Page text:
- Visual findings of papilledema in contralateral eye (e.g. enlarged blind spot) secondary to elevated intracranial pressure 
- Symptoms and signs of increased intracranial pressure (e.g., headache diplopia, nausea and vomiting)
- Family members may report personality changes
- Progressive visual loss
- Emotional lability
- Visual acuity is variably affected in the ipsilateral eye with optic atrophy
- A relative afferent pupillary defect (RAPD) is typically present in the eye with optic atrophy
- Visual acuity is typically spared in the contralateral eye until late.
- Variable visual field loss in the affected eye in an optic neuropathy pattern with visual field loss of papilledema in the fellow eye (e.g., enlarged blind spot, nerve fiber layer loss)
- Diplopia from a non-localizing sixth nerve palsy due to increased intracranial pressure
- Fundus exam showing ipsilateral optic atrophy and contralateral papilledema
- Proptosis may be present if orbital involvement occurs from tumor
Neuroimaging studies should be performed for patients suspected of having the Foster Kennedy syndrome (e.g., head and orbital CT or MRI with and without contrast).
The primary treatment of meningiomas is surgical resection.
- Initial treatment for symptomatic brain tumors include corticosteroids, which may reduce peritumoral edema and intracranial pressure.
- If a non-surgical intervention is preferred, stereotactic radiotherapy and radiosurgery can be used in patients. In the elderly (classified >70), stereotactic radiotherapy of benign meningiomas could be a favorable option as neurosurgery can be often correlated with some mortality at that age range.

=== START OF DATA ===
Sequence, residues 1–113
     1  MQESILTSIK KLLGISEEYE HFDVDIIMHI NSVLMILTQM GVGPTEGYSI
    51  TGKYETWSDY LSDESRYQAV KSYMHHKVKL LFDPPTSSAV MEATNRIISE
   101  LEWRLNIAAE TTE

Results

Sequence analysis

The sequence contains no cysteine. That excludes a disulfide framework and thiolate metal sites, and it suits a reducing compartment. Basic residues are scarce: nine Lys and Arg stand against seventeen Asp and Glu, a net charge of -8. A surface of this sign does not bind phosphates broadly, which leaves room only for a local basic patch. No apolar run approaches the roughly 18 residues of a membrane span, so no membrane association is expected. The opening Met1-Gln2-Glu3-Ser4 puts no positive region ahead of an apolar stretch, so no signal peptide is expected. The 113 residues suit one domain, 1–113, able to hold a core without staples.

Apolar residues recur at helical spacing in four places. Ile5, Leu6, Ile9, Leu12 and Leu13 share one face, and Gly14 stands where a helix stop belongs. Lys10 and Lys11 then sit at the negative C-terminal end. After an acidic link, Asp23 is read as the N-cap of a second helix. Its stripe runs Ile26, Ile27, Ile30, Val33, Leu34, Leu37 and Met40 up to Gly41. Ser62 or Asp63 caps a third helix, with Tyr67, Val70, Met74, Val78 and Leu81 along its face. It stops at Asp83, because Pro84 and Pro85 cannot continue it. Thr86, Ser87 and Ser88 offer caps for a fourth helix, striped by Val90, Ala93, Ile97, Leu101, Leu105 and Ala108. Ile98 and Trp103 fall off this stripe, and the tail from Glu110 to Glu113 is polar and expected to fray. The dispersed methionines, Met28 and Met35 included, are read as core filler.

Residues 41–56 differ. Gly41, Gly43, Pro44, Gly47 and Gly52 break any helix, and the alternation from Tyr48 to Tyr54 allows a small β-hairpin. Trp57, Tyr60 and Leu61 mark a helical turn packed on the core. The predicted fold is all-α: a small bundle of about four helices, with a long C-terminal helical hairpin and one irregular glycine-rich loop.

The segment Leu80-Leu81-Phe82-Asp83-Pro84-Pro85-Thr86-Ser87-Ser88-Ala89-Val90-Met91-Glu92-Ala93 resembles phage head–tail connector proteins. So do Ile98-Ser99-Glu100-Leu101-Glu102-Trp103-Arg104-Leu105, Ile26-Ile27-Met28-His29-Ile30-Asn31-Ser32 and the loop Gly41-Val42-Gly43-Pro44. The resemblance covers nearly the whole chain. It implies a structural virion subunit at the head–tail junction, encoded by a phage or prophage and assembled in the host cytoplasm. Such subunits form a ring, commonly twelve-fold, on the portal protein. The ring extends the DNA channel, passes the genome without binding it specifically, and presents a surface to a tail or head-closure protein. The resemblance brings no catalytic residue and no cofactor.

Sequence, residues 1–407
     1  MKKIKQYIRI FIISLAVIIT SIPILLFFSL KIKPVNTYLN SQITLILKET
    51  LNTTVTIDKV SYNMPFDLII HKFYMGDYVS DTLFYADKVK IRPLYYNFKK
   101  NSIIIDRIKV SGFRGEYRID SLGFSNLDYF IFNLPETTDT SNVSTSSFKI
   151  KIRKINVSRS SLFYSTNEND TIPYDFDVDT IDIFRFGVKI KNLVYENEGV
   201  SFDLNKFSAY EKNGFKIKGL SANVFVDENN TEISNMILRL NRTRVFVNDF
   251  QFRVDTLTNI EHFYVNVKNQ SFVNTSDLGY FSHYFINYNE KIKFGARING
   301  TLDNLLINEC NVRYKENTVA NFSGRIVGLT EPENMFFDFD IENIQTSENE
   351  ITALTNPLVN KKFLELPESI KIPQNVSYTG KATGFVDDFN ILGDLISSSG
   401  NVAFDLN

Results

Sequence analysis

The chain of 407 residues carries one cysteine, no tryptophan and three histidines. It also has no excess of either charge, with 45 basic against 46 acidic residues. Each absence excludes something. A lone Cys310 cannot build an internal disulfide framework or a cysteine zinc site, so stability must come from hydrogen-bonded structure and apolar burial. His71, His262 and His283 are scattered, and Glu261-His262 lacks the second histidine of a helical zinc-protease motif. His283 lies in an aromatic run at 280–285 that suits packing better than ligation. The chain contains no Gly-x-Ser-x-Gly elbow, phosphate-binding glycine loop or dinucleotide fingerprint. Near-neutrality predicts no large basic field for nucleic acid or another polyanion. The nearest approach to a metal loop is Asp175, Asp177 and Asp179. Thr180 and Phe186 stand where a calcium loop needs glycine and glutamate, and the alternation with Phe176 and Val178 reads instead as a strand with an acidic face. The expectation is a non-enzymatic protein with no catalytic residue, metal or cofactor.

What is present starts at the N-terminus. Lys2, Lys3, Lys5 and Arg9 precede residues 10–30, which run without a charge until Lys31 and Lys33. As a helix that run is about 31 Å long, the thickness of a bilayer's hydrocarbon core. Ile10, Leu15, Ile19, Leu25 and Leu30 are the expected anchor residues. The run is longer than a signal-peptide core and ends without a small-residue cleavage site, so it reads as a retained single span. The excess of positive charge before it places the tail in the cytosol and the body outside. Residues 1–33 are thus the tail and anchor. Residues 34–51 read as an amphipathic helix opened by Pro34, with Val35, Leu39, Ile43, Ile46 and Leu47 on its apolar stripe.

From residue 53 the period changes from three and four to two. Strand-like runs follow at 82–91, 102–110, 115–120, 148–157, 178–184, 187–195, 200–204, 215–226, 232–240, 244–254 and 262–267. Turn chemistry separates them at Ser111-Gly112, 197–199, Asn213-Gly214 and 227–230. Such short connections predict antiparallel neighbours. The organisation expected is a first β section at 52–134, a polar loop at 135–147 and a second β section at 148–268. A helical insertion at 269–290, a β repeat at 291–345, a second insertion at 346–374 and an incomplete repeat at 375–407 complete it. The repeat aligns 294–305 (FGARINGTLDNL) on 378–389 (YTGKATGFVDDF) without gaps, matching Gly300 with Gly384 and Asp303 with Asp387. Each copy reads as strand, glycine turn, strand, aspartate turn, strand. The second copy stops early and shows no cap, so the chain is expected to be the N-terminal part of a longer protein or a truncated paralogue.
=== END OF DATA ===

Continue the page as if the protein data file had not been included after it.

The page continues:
- Chemotherapy and hormonal treatments have not been very successful in meningiomas.
- Hydroxyurea has been found anecdotally to be modestly beneficial but has been used for unresectable tumors and large residual tumors.
If the patient is a surgical candidate then resection is generally the best treatment option to reduce mass effect and relieve elevated intracranial pressure. Prior to surgery, embolization of vascular tumors can reduce intraoperative bleeding and limit post-operative complications.
Surgical follow up
Radiotherapy can be used for residual or reoccurring tumor post-surgery
Pseudo-Foster-Kennedy Syndrome (PFKS) is characterized ophthalmoscopically by unilateral optic atrophy with contralateral optic disc edema. These findings can mimic the true Foster-Kennedy Syndrome, but clinical features and presentation often can distinguish the two entities.